Democrats are coming under fire on two fronts for immigration and minimum wage plans that critics say will hurt the poorest Americans the most.
The Democrats released a plan this week to create a path to citizenship for roughly 11 million immigrants now living illegally in the U.S. The plan will hurt poorer Americans with its depressing effect on wages for U.S. citizens and legal immigrants, according to Joseph LaVorgna, chief economist at the National Economic Council during the Trump administration.
The Democrats' plan would allow more immigrant labor from low-skilled workers, creating more competition for those low-skilled jobs, which in turn lowers the price employers are willing to pay, explained LaVorgna.
"If you just have a program that essentially lets in anybody who wants to come in, what you're going to wind up doing is depressing wages and really hurting the lower-skilled people right now on the bottom of the income" distribution, LaVorgna told "Just the News AM" television program.
Among its findings, the commission reported that "illegal workers are estimated to account for as much as one-third of total immigrants in the United States, and that illegal immigration has tended to increase the supply of low-skilled, low-wage labor available."
About "six in 10 adult black males have a high school diploma or less, and are disproportionately employed in the low-skilled labor market in likely competition with immigrants," the commission found. "Evidence for negative effects of such competition ranged from modest to significant, according to the experts who testified, but even those experts who viewed the effects as modest overall found significant effects in occupations such as meatpacking and construction."
Helping African-American workers achieve their lowest unemployment rates in a generation was a goal of the Trump administration, and LaVorgna said making sure that illegal immigration doesn't supress wages for lower skilled workers should be a priority for any immigration plan.
"It has to be skilled immigration, it's got to be legal immigration," LaVorgna said. "The programs we've seen thus far — the bills put forward — don't appear to do that."
LaVorgna said a better alternative to a plan that rewards illegal immigration would be to follow immigration criteria seen in places like Europe and Canada, which place more weight on skills rather than, for example, family ties. "But unfortunately, the politics and the divisiveness sometimes gets in the way," he lamented, speculating that the Democrats' approach to the issue "has less to do with what good policy is, [and is] more about who who can we get on our side to push something through so as to remain in power."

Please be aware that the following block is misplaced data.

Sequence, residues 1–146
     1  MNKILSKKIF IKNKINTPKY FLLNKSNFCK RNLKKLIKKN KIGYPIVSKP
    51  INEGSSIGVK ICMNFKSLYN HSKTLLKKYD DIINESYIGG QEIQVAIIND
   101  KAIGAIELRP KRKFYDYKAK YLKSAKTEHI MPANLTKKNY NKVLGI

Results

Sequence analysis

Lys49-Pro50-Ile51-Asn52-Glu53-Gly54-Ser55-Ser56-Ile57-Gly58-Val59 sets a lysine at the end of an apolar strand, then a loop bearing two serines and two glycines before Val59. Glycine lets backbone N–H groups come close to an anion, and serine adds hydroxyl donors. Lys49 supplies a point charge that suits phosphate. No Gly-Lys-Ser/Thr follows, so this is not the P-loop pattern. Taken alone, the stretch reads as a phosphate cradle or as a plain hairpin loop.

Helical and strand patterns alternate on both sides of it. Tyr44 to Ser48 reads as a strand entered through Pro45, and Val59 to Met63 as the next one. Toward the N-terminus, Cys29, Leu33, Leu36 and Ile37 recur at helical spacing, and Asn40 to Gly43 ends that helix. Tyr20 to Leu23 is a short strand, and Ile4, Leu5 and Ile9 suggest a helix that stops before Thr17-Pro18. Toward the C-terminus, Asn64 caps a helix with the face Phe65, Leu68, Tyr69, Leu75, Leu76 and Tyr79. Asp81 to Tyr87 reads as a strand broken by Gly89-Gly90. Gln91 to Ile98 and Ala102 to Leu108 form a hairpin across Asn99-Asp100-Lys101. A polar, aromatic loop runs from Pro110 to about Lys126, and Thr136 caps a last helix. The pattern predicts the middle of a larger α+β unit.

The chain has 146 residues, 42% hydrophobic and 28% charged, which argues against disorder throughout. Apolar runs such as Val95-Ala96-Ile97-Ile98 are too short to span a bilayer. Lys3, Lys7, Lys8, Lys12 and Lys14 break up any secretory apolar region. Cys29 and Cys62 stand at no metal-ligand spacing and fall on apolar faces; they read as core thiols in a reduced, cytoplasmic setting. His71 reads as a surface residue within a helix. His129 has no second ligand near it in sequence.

Democrats are also coming under fire for their plan to hike the minimum wage gradually to $15 an hour over five years, a proposal tucked into the $1.9 trillion Biden stimulus plan. The nonpartisan Congressional Budget Office estimated the proposal would result in the loss of 1.4 million jobs (for workers more likely to be poor and nonwhite, according to University of California, Irvine economist David Neumark) and price hikes of goods for poorer Americans as companies pass their increased costs on to consumers.
Sen. Tim Scott (R-S.C.), the first black Republican U.S. Senator elected in the South since Reconstruction, speaks often about growing up in an impoverished home, raised by a single mother, yet was able to achieve great career success through work and dedication.
"As a child who grew up working jobs under the minimum wage, and as a business owner that paid over the minimum wage, I know this mandate will kill jobs and destroy our small businesses," Scott said in a post on Instagram. "The Dems $15 minimum wage hike doesn't make sense."
The White House press office did not respond to a request for comment for this article.